Instrumentation systems based on hairlike fiber-optic photochemical sensors have been proposed as minimally invasive means of detecting biochemicals associated with cancer and other diseases. The fiber-optic sensors could be mass-produced as inexpensive, disposable components. The sensory tip of a fiber-optic sensor would be injected through the patient's skin into subcutaneous tissue. A biosensing material on the sensory tip would bind or otherwise react with the biochemical(s) of interest [the analyte(s)] to produce a change in optical properties that would be measured by use of an external photonic analyzer. After use, a fiber-optic sensor could be simply removed by plucking it out with tweezers.
A fiber-optic sensor according to the proposal would be of the approximate size and shape of a human hair, and its sensory tip would resemble a follicle. Once inserted into a patient's subcutaneous tissue, the sensor would even more closely resemble a hair growing from a follicle (see Figure 1). The biosensing material on the sensory tip could consist of a chemical and/or cells cultured and modified for the purpose. The biosensing material would be contained within a membrane that would cover the tip. If the membrane were not permeable by an analyte, then it would be necessary to create pores in the membrane that would be large enough to allow analyte molecules to diffuse to the biosensing material, but not so large as to allow cells (if present as part of the biosensing material) to diffuse out. The end of the fiber-optic sensor opposite the sensory tip would be inserted in a fiberoptic socket in the photonic analyzer.
The basic concept of photonic detection of an analyte admits of the use of any of several alternative techniques. In one well-known technique, the biosensing material would be illuminated with light having the proper wavelength to excite fluorescence. The intensity and/or wavelength of the fluorescence would depend on the presence or absence of the bound analyte. In some cases, it may be desirable to use the same optical fiber to transmit the exciting light to the sensor and to transmit the fluorescence back to the photonic analyzer. The use of a single fiber would be appropriate if, for example, a brief excitation pulse of light could be expected to produce a longer-lived fluorescence that could be detected after the excitation pulse had been extinguished. In other cases, it may be necessary to use one optical fiber to transmit the excitation light to the biosensing material and another fiber to transmit the fluorescence back to the photonic analyzer. Alternatively or in addition to using fluorescence, it could be possible to measure the concentration of an analyte in terms of the amount of absorption of light of a particular wavelength from a broadband or spectrally modulated illumination.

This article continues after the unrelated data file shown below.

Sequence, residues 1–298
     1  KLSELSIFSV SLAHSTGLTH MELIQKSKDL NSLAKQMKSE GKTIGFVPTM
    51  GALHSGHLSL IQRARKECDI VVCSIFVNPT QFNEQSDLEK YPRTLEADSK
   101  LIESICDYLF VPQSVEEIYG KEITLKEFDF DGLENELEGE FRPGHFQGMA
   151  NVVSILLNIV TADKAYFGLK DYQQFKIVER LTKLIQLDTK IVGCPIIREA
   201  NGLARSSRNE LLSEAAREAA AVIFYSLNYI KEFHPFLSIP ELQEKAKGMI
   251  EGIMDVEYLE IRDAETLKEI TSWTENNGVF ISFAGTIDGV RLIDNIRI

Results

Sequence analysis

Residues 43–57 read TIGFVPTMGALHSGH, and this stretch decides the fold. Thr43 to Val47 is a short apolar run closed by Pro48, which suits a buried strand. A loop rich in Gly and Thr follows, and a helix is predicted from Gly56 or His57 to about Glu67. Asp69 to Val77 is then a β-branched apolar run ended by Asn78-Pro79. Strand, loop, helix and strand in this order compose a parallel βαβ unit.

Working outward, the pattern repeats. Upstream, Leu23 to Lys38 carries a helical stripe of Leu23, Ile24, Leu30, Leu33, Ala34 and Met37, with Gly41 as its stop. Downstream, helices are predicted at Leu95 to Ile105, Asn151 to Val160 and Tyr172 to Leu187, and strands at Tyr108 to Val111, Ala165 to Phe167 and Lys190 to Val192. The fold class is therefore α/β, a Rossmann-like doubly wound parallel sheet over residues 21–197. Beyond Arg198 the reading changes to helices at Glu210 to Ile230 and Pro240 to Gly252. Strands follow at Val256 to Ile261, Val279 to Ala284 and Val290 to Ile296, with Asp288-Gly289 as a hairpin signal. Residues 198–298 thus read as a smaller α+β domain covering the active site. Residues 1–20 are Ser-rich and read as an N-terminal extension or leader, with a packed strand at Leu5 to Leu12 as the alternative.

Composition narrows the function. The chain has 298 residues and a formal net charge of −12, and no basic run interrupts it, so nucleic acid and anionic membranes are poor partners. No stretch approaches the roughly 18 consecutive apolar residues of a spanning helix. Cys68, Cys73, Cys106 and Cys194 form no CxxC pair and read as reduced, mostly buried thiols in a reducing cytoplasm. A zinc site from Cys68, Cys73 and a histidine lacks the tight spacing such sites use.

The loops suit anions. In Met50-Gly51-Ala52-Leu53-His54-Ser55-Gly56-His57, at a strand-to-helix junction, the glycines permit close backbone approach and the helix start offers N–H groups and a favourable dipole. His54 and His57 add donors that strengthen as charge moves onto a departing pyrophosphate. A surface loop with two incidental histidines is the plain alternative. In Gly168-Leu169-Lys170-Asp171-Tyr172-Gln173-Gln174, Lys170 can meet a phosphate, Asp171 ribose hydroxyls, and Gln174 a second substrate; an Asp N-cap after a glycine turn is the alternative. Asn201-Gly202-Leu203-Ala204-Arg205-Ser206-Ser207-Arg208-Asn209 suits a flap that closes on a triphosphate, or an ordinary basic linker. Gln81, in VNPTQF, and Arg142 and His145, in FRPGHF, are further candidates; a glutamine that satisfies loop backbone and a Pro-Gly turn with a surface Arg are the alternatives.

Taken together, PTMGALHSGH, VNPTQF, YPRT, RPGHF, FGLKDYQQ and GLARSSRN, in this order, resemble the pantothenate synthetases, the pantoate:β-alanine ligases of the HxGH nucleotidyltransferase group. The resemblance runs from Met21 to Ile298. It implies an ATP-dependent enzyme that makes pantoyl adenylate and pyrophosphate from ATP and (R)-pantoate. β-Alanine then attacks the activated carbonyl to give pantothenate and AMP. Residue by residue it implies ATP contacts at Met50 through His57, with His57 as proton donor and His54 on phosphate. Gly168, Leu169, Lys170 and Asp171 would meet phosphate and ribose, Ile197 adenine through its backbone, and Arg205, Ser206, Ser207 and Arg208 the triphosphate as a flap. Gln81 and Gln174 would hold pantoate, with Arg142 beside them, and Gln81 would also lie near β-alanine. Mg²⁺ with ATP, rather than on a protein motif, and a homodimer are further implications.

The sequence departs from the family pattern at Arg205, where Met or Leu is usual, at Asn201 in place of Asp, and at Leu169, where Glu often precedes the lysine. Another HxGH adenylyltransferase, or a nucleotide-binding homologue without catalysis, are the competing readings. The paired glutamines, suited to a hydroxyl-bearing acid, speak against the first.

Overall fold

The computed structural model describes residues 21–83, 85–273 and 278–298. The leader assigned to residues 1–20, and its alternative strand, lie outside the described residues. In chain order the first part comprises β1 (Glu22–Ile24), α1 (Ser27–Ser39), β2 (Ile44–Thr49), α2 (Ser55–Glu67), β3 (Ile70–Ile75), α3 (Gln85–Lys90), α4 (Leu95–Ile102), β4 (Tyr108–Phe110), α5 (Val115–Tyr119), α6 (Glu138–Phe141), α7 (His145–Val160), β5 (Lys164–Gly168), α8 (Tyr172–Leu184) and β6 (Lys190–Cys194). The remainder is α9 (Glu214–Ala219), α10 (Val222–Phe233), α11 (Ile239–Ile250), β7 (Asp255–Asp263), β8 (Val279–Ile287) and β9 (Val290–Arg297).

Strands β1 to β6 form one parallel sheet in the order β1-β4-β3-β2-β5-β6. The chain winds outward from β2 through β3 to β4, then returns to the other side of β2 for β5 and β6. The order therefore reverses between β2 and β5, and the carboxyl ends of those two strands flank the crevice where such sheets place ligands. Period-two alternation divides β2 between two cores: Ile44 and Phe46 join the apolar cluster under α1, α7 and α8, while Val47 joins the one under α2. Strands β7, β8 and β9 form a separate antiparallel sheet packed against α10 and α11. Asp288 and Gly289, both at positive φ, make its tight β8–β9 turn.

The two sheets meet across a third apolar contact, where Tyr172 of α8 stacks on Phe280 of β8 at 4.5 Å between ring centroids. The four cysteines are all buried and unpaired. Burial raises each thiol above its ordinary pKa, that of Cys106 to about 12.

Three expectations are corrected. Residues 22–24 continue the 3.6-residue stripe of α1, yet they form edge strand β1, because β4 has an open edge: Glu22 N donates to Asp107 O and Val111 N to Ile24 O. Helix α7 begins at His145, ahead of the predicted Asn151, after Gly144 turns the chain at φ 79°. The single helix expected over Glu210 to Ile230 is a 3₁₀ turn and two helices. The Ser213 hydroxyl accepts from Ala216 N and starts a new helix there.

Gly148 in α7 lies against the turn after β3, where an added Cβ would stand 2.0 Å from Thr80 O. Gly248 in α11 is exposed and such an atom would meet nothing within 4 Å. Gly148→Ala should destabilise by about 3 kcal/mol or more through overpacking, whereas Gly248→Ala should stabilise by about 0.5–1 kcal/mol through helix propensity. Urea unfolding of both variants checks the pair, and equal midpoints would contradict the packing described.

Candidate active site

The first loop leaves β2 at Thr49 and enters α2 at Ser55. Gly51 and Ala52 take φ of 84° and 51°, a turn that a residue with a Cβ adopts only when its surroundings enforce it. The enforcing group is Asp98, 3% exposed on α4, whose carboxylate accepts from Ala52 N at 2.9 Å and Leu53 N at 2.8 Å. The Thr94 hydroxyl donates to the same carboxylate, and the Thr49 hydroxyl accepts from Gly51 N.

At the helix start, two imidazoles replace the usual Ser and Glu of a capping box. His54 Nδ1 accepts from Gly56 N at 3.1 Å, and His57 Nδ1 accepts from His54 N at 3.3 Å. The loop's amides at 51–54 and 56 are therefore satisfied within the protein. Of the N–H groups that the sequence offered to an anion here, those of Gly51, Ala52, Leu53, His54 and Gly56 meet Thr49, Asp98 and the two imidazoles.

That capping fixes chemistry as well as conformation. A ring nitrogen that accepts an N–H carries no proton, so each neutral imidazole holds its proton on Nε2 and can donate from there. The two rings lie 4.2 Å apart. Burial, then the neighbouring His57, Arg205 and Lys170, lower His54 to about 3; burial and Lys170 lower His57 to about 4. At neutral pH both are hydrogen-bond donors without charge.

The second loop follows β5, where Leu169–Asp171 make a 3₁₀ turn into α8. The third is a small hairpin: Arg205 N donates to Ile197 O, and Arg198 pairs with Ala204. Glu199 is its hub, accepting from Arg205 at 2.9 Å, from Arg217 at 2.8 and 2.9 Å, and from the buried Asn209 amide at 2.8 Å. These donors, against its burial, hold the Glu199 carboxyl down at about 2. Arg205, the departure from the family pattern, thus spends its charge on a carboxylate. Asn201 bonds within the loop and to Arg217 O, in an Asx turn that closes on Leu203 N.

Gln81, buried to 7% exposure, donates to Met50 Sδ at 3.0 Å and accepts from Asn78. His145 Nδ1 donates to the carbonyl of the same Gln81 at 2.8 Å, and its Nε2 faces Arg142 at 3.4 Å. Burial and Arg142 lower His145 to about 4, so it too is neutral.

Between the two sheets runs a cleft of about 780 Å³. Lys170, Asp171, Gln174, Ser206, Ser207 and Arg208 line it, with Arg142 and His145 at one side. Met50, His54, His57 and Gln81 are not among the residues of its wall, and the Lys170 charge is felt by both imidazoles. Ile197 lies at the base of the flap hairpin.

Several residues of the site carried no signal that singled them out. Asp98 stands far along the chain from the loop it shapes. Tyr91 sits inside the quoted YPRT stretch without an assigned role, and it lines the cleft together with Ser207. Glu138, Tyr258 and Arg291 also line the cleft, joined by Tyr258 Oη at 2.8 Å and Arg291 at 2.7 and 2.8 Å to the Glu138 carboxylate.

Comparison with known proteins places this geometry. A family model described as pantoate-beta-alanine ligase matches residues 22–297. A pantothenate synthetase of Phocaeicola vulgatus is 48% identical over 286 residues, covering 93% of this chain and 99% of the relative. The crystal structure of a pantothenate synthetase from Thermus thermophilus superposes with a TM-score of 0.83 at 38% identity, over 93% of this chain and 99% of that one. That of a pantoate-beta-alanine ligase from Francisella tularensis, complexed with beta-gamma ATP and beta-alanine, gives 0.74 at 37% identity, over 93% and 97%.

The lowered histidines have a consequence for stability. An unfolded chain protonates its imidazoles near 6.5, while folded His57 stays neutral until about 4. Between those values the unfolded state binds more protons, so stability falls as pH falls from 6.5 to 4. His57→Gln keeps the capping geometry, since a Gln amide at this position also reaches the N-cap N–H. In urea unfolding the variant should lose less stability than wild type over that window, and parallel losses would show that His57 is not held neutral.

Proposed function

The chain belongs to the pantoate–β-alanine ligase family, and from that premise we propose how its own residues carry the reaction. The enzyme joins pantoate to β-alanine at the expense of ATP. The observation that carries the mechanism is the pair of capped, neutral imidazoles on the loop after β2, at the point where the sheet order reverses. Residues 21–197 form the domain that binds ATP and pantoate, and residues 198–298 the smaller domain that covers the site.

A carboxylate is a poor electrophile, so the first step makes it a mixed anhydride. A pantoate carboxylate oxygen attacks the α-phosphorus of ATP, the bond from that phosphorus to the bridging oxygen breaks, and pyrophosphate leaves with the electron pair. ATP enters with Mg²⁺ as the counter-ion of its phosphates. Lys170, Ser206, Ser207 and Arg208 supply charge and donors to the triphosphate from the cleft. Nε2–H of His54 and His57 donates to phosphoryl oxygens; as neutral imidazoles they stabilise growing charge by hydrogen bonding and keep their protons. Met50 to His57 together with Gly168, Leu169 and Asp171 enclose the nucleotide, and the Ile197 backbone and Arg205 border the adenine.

Figure 2 illustrates a process that might be used to fabricate a two-fiber sensor according to the proposal. The two optical fibers would be bundled with a capillary tube at the end destined to become the sensory tip. The bundled end would be placed in a chamber, which would be partly evacuated and then back-filled with the vapor of a vapor-depositable material. As the vapor condensed and polymerized on the surface of the bundle, a droplet of biosensing material would be injected through the capillary tube. The droplet would become cooled rapidly by rapid evaporation in the partial vacuum. The cooling of the droplet would increase the rate of condensation of vapor and polymerization on the surface of the droplet, thereby causing the formation of the aforementioned membrane, which would be continuous with a tightly adherent coat over the contiguous optical fibers and capillary tube.
A suitable vapor-depositable material could be Parylene — a thermoplastic polymer made from poly-para-xylylene. Parylene is a highly biocompatible material that tends to discourage the adhesion and tracking of epithelial cells. Because Parylene exhibits little or no permeability by typical analytes that one might seek to detect, it would be necessary to create pores in the membrane. This could be done by, for example, burning holes by use of a tightly focused laser beam.
This work was done by Thomas George of Caltech and Gerald Loeb of the University of Southern California for NASA’s Jet Propulsion Laboratory. In accordance with Public Law 96-517, the contractor has elected to retain title to this invention. Inquiries concerning rights for its commercial use should be addressed to:
Innovative Technology Assets Management
Mail Stop 202-233
4800 Oak Grove Drive
Pasadena, CA 91109-8099
Refer to NPO-30651.